How Your Phone Can Give a Physical

The Doctor’s Channel’s Michael Banks, MD and MedGadget’s Shiv Gaglani, MD-MBA candidate, bring you the future of the exam room: The Smartphone Physical. With the growing importance of mobility and data recording, physician tools combined with the capabilities of mobile technology will revolutionize the way clinicians evaluate their patients. Shown here are the PanOptic Ophthalmoscope, the AliveCor Heart Monitor, and the CellScope...

Ever Wonder How Your Brain Detects Motion?

Ever wonder how your brain detects motion? How you just missed getting hit by the foul ball when you were pretending to care about the game but were actually on instagram? Or how you were able to swat the annoying fly that’s always buzzing around your desk? Well, after 50 years of only having a vague idea of how the brain is able to detect motion, this week, three studies were published in Nature revealing the exact mechanism of this ability. Maybe you’ve never asked yourself these questions, but this video is an interesting explanation of how the brain is able to detect motion and the tools researchers are using to learn more about the brain. Check out the three articles in Nature (1, 2, and 3). Featured image is a screenshot taken  from the video...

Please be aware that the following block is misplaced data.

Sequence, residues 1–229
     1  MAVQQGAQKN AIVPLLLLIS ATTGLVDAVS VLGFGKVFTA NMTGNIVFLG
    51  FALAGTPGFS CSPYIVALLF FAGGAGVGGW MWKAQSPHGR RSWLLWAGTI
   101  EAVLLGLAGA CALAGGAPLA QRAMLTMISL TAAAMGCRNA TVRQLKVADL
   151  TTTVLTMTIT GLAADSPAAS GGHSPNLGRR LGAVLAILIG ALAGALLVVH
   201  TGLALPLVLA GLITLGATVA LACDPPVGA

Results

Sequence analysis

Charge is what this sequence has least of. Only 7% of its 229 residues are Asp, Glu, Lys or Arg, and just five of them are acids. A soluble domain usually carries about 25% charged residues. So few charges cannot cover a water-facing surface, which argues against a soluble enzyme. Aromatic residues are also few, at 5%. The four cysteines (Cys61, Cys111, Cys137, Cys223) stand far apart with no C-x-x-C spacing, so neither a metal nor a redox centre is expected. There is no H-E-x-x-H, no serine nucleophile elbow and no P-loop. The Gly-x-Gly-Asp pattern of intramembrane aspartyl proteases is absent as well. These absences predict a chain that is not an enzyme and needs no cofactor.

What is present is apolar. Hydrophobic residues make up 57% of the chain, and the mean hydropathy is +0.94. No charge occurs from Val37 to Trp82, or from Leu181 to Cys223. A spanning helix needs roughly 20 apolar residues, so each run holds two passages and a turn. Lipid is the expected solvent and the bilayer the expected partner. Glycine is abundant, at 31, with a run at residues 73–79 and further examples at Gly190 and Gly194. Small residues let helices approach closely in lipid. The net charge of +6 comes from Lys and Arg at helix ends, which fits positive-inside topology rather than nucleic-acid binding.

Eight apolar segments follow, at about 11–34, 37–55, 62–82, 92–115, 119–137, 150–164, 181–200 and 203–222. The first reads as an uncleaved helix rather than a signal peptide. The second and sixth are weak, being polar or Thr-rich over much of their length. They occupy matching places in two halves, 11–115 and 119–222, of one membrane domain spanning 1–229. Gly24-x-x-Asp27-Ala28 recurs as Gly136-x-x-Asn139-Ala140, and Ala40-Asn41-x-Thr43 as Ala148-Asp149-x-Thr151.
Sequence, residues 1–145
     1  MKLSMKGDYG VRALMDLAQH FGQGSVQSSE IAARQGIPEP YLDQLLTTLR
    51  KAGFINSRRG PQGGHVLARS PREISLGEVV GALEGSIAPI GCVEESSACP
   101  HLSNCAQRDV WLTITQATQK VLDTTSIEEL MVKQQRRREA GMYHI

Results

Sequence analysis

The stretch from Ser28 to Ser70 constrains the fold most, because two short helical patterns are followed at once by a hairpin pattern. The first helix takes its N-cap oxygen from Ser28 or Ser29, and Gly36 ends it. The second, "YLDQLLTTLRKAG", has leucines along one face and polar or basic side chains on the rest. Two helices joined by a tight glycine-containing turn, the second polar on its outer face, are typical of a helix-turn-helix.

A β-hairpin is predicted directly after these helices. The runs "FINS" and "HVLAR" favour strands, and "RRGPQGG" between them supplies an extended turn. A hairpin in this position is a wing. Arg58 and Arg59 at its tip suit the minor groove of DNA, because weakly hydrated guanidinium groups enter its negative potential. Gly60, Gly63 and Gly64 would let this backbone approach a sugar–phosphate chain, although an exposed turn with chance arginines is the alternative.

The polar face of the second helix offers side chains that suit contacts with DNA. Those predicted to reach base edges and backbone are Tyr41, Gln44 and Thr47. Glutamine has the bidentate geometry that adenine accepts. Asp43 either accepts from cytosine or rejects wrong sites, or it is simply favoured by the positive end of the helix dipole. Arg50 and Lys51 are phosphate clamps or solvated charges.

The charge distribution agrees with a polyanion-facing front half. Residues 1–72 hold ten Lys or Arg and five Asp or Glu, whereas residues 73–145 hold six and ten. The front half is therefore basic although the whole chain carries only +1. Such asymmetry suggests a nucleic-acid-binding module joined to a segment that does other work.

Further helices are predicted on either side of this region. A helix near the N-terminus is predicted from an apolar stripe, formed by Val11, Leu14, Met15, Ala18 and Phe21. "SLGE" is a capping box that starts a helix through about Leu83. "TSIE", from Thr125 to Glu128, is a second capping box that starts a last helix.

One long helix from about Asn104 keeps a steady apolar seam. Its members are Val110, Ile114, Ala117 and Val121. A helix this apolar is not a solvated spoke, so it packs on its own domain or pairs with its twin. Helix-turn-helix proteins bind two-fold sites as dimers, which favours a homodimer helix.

How Accountable Care Will Change America

David Sayen, the regional manager for the Centers for Medicare and Medicaid Services, discusses the shift in health insurance programs from fee-for-service to an accountable care model. Reimbursement will be based on results, as opposed to type or quantity of procedures. He explains that the relationship between health care providers and programs, like Medicare and Medicaid, will change as the United States moves closer to healthcare reform. Filmed at FutureMed, in February, 2012, at Singularity...

Wild Worries of a Med Student

I lost my pager a few weeks ago. For most, the pager is a vestigial apparatus from the days before mobile phones, wireless, and permanent connectivity. But there was a dark time, not so long ago, when pagers were the only handheld device that worked in hospitals. Those black blocks managed to transmit signals, traveling, like Buzz Lightyear, to infinity and beyond. In some basement corridors, they still outperform iPhones, Blackberries, and possibly landlines. Imagine a flamingo without the pink, an elephant without its trunk, or a toilet without toilet paper. That’s a medical student without its pager. At first, I was resigned. I informed all and sundry, “dude, I lost my pager.” At first, it was refreshing. But soon, I became persona non grata on my team… the annoying person who had to be contacted through email or patchy 4G. I felt like a puppy without a leash. A few weeks in, it was becoming evident that I could not continue like this. In fact, it was blatant that I had neglected to replace my pager. The place where my pager used to be mocked me. It haunted my right pocket like a mournful ghost. I constantly reached for the phantom and made contact with air. Air and a hollow plastic case, clipped to my white coat, empty and silent. My phone dropped texts when I wandered the subterranean hospital...